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Email Best Practices for Financial Advisors and RIA's

With all of the advancements in technology, digital communications, and social media it can be easy to overlook one of the most tried and true methods of online communication—email. 

While it may not be as flashy or trendy as the newer communication methods, there is a reason email is one of the most popular and reliable forms of financial advisor marketing. Email marketing, when done right, is a great way for financial advisors and RIAs to maintain communication with current and prospective investors and clients. 

 

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Read on for email best practices for financial advisor marketing and RIA marketing:

 

Build Your List Organically and Thoughtfully

While it may be tempting to build your email contact list through purchasing or renting a list from a vendor, that’s not recommended as an email best practice for any marketing plan, especially for financial advisor marketing. 

In addition to compromising your online reputation with email service providers, it can also violate regulations such as the CAN-SPAM Act. By growing your list organically through lead generation, referrals and through other digital and offline channels, you can ensure you’re building an audience that wants to receive your communications and is less likely to report your emails as spam. 

Additionally, having an engaged audience can improve your overall email deliverability (how many of your emails make it to the intended inbox) and open rate (how many of your emails actually get opened.)

 

Content

The main purpose of your emails is to provide useful and actionable content to your audience. Your readers will be able to sniff out a sales pitch very easily, so it’s best to avoid a hard sell at all costs. Your financial advisor marketing emails can be a vehicle for distributing industry news and trends, blog topics, event announcements, and just about anything else you deem newsworthy for your audience.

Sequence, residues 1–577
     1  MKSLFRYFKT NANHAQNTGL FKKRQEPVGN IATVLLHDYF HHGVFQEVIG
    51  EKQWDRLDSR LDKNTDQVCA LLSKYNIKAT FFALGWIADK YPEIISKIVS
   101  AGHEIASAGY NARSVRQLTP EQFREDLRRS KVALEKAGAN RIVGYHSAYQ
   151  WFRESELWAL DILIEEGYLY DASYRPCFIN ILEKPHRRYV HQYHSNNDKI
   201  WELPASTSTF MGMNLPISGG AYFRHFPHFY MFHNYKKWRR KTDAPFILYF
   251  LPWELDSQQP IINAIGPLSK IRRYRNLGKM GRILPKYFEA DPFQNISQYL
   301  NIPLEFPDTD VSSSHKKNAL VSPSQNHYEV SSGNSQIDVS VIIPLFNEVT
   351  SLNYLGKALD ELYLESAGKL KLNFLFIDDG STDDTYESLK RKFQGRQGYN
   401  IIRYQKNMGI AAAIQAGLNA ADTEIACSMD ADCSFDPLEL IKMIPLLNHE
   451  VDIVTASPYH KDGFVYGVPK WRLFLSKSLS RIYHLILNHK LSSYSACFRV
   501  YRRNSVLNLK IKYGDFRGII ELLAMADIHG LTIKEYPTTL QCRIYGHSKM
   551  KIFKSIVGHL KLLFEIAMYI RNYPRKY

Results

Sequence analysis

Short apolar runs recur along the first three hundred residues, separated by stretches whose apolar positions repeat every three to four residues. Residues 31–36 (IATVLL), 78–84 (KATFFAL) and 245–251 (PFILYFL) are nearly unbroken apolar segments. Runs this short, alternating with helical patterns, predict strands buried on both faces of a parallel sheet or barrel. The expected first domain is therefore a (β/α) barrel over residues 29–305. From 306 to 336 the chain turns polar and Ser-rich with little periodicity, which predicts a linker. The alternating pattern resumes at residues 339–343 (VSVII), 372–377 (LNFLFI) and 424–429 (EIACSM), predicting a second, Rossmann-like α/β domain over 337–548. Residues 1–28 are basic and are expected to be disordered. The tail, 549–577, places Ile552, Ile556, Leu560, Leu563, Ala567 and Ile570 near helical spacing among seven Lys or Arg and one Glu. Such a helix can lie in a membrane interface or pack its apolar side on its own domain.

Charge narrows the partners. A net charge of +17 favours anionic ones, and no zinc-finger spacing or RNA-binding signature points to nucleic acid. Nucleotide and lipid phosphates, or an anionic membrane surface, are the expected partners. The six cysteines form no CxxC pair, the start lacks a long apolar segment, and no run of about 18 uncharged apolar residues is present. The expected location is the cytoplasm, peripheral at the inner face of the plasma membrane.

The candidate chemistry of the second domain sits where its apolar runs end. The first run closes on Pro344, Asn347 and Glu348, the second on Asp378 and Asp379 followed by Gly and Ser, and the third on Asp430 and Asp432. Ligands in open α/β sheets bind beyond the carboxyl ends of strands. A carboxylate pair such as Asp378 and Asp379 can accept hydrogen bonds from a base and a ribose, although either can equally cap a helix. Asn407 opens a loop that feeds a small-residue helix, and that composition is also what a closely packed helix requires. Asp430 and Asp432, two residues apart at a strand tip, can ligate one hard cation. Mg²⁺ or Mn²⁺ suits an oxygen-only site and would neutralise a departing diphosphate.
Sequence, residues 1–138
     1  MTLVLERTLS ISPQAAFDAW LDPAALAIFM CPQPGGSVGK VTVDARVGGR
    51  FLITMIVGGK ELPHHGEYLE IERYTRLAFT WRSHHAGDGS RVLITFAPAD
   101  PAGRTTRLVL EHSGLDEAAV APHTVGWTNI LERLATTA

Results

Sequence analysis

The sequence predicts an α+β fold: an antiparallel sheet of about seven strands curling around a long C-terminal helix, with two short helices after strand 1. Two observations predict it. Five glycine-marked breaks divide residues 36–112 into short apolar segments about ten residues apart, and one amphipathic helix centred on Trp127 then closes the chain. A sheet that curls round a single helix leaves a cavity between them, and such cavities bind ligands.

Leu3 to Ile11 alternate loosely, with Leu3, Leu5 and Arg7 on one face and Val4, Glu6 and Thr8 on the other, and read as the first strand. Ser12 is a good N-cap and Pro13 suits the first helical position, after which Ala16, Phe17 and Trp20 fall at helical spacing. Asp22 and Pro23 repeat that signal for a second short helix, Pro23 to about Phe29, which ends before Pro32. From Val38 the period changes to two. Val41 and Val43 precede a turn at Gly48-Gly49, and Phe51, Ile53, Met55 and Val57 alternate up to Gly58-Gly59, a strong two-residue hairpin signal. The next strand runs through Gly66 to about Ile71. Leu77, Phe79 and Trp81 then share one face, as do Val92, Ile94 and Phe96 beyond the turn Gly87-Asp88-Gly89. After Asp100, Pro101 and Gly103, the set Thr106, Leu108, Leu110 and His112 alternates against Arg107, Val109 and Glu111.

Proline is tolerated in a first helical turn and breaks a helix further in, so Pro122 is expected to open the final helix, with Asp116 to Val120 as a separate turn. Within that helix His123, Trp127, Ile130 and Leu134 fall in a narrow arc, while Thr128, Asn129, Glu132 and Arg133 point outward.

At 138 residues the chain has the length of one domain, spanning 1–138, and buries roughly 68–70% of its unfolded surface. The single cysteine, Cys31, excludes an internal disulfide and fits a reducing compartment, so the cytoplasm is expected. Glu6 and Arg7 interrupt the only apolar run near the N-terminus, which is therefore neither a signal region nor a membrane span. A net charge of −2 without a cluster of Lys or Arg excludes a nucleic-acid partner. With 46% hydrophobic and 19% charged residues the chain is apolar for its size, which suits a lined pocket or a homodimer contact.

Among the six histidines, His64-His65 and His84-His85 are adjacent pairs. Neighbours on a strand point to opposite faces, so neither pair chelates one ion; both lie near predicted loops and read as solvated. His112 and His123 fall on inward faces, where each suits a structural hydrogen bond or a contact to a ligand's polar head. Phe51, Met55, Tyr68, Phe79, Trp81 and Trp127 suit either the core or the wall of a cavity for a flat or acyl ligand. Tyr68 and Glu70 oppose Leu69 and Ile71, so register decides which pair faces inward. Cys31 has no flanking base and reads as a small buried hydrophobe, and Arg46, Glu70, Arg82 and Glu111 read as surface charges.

You can even share third-party content as long as you have properly cited the original source. Your audience will appreciate being kept in the loop about important financial news, especially if you include your unique perspective and breakdown of what, for some, can be complicated financial topics.

 

Frequency

It can be tricky to determine how often you should reach out to your email audience. Too frequent and your audience may get irritated and unsubscribe. Too infrequent and your audience may not be as engaged. One way to mitigate the risk of losing email subscribers is to segment your audience in a way that makes sense for financial advisor marketing. Consider segmenting by assets, industry or even retirement status. 

By targeting your audience, you’re not sending a general “email blast” to all of your audience when the message may only apply to some of the people. That way when you have a message to convey that’s relevant to the entire audience, you don’t have audience burnout and can reduce attrition. 

 

Optimize and Tag Images